Effect of delayed activation of light-cured resin composites on bonding of all-in-one adhesives

Franklin R. Tay, N. M. King, B. I. Suh, David H. Pashley

Research output: Contribution to journalArticlepeer-review

153 Scopus citations


Purpose: This study examined the effect of delayed activation of light-cured resin composites on the microtensile bond strengths of two all-in-one adhesives to sound dentin. Materials and Methods: Flat dentin surfaces prepared from caries-free third molars were bonded with either Prompt L-Pop (ESPE) or One-Up Bond F (Tokuyama). Each adhesive was divided into 6 subgroups containing three teeth each. A hybrid composite was left to contact the cured adhesive surfaces for 0, 2.5, 5, 10 or 20 min before light activation. In the 6th subgroup, the cured adhesive was covered with a layer of nonacidic bonding resin before contacting the composite for 20 min. Composite-dentin beams, with average cross-sectional areas of 0.85 mm2 were prepared for microtensile bond testing. Representative fractured beams from the 0,10- and 20-min delay subgroups were prepared for SEM examination. Additional specimens were prepared in the 0- and 20-min delay subgroups by replacing the hybrid composite with either a flowable composite or a composite liner to facilitate TEM preparation and examination. Results: Kruskal-Wallis ANOVA and Dunn's multiple comparison tests showed that significant differences existed among the subgroups of each adhesive. Regression analyses showed that for each adhesive, there was an exponential decline in mean bond strength with increasing delay in light activation, and the correlation was highly significant (r = -0.99, p < 0.005 for Prompt L-Pop; r = -0.96, p < 0.01 for One-Up Bond F). SEM examination of fractured interfaces in the immediately light-cured subgroups revealed the absence of voids within the fractured composite. However, voids were consistently observed in the 10 min- and 20 min-delay subgroups. They corresponded to soapsuds-like blisters that were observed with TEM in the 20 min-delay subgroups. Conclusion: Adverse interactions between acidic adhesive resin monomers and tertiary amines in lightcured composites normally do not occur because of the fast rate of free-radical generation in photochemical redox reactions. However, such interactions can occur in all-in-one adhesives on prolonged contact of light-cured composites with the cured adhesive layer.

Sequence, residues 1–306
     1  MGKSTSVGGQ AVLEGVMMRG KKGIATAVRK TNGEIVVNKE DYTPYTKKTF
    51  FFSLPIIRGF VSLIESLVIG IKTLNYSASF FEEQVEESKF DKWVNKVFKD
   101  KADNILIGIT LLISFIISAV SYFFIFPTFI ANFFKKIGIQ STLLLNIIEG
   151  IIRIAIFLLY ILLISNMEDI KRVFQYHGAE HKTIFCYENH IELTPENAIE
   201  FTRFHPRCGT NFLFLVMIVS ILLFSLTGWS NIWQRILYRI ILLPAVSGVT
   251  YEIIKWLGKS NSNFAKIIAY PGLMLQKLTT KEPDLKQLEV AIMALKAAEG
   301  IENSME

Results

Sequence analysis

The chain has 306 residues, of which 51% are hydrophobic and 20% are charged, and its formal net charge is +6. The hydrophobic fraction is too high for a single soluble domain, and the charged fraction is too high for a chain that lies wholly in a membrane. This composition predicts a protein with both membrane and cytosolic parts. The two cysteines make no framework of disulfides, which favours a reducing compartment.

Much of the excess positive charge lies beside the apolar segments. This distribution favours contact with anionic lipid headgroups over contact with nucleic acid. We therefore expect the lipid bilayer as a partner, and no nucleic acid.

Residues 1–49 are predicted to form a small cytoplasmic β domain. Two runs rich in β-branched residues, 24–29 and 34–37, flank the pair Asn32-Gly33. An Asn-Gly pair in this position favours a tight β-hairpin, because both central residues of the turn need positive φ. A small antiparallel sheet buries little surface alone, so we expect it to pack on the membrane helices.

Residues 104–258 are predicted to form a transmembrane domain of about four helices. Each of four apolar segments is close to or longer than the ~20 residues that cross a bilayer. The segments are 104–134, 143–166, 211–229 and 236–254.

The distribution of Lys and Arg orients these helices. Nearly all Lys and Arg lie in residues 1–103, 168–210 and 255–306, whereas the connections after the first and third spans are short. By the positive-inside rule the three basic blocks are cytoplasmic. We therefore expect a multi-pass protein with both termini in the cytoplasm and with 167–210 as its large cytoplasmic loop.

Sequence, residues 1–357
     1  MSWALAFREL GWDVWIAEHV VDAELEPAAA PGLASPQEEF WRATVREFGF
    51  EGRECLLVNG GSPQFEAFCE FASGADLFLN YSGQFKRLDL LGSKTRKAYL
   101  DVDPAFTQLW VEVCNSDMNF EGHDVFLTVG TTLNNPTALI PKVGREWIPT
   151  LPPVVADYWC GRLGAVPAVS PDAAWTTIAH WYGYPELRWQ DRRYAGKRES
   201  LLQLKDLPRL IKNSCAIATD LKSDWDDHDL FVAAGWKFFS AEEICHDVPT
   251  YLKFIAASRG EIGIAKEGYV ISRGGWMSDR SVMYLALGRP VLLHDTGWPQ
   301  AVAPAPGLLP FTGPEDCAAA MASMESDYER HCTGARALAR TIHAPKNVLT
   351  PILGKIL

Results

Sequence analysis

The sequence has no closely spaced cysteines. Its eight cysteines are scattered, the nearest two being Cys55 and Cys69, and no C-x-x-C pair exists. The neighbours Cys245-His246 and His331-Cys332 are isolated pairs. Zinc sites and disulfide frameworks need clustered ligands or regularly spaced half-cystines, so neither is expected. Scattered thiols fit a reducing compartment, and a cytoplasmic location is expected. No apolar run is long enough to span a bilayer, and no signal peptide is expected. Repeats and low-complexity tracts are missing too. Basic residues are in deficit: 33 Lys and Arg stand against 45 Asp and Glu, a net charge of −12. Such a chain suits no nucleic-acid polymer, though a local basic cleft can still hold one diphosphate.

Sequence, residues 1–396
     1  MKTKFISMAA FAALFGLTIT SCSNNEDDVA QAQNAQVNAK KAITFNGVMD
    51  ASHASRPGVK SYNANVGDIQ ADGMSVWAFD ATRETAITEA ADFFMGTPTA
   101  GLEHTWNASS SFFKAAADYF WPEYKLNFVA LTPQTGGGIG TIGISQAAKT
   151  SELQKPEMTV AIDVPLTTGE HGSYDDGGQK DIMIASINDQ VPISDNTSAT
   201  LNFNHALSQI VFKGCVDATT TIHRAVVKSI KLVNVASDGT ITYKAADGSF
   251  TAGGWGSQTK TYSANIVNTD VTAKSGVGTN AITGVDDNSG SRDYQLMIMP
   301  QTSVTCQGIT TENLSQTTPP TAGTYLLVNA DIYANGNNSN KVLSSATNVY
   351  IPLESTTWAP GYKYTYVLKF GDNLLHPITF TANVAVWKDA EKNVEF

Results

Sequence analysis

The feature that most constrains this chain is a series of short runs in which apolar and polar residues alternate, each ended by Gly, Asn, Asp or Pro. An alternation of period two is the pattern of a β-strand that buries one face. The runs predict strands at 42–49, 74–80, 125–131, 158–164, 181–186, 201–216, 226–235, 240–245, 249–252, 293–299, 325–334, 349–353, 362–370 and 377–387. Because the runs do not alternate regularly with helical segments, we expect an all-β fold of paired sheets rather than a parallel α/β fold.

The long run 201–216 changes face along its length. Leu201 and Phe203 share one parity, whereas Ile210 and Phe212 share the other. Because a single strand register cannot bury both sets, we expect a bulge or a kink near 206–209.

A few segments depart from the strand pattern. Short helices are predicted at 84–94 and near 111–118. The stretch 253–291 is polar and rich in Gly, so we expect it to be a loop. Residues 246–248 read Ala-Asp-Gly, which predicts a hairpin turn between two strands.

Original languageEnglish (US)
Pages (from-to)207-225
Number of pages19
JournalJournal of Adhesive Dentistry
Issue number3
StatePublished - 2001
Externally publishedYes

ASJC Scopus subject areas

  • Orthodontics
  • Oral Surgery
  • Periodontics


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